There are no scientific reports of adult S. astori from inshore waters of Costa Rica nor Isla del Coco (Vargas and Wehrtmann 2008; Vargas and Wehrtmann 2009; Cortés 2012). Only a phyllosoma larva of S. astori has been recorded off Isla del Coco at 5°16′N; 87°57′W (Johnson 1970). This is not surprising considering that scyllarid larvae could be transported thousands of kilometers by the ocean currents (Johnson 1968, 1970, 1975a, 1975b; Béarez and Hendrickx 2006). Therefore, the occurrence of the phyllosoma larvae in a given area does not necessarily mean that adults can inhabit and reproduce in the same area. In this paper we present the first record of an adult S. astori at Isla del Coco. It should be noted that dive masters visiting Isla del Coco have mentioned that this lobster has been observed a few times during night dives. Moreover, a picture of a Galapagos Slipper Lobster was taken at Isla del Coco by Franco Banfi in 2009 and is posted in the web (www.banfi.ch). This implies that there is probably an established population of S. astori in Isla del Coco. The presence of adult specimens of S. astori in scattered sites in the Gulf of California, and Ecuador, suggests that settlement of juveniles and survival of adults might be more likely in colder temperate/subtropical waters (Béarez and Hendrickx 2006). However, the new record found in Isla del Coco shows that adult S. astori could also inhabit warm tropical waters.
Although the biology of S. astori has been well studied in the Galapagos Archipelago (Holthuis and Loesch 1967; Martínez 2000; Hearn 2006; Hearn and Toral-Granada 2007), there is no information about population dynamics nor trophic ecology of this species in locations outside the Galapagos. Moreover, it is important to note that this species is reported as data deficient by the IUCN (Butler et al. 2013), and its commercial interest in Galapagos lobster fisheries has recently increased due to the depletion of spiny lobsters (Martínez et al. 2002; Hearn 2004; Murillo et al. 2004). Therefore, the population of Isla del Coco could represent an opportunity to evaluate growth models and reproductive aspects of S. astori in a protected area without fisheries impacts.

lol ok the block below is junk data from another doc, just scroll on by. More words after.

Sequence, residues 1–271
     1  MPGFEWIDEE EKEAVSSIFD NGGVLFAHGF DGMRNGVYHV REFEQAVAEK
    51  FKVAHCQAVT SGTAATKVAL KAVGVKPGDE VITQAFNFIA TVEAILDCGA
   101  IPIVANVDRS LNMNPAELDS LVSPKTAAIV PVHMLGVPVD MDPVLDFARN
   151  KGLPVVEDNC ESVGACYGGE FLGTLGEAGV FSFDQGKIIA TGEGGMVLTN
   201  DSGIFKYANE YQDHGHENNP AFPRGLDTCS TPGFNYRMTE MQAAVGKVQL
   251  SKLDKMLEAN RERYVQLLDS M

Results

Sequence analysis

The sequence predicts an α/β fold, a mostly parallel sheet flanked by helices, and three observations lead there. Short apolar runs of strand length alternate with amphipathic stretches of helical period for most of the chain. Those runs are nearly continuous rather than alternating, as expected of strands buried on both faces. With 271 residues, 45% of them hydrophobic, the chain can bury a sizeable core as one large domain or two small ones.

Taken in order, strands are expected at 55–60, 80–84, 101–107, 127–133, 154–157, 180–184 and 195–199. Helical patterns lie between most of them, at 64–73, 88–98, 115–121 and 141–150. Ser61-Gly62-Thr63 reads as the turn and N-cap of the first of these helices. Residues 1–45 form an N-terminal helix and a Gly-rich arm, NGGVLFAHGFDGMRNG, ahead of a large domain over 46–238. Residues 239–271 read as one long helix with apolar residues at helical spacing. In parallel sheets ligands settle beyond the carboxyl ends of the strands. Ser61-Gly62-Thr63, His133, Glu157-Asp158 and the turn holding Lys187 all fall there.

Reporting the presence of new species in Isla del Coco, even after many scientific expeditions have been carried out, reemphasizes the importance and necessity of continued research at this island. Finally, the finding increases the reported diversity of Costa Rican Pacific lobster from five to six species (Vargas and Wehrtmann 2009).
We are very grateful to Área de Conservación Marina Isla del Coco (ACMIC) for all of their support during the fieldwork portion of this study (especially to Isaac Chinchilla and Esteban Herrera). Rita Vargas assisted us in identifying the specimen, which is gratefully acknowledged. We would like to thank Juan José Alvarado and Jorge Cortés who supported the logistics of the survey. We are especially grateful to Ingo Wehrtmann, Juan José Alvarado and Arturo Ayala Bocos for their comments on the manuscript. We are grateful to the IUCN Red List and Instituto Geográfico Nacional de Costa Rica for providing geographic information used in the map. We are grateful to Juan Manuel Camargo who helped us to confirm the observations of the dive masters. Thanks to the Leibniz Center for Tropical Marine Ecology (ZMT) for the financial contribution to the field work. We are very grateful for the comments received from the reviewers that helped to improve the quality of this paper.
All authors contributed with sampling and drafting of the manuscript. Specimen was collected by PH. Specimen identified by JCAS and MF. All authors read and approved the final manuscript.
The authors declare that they have no competing interests.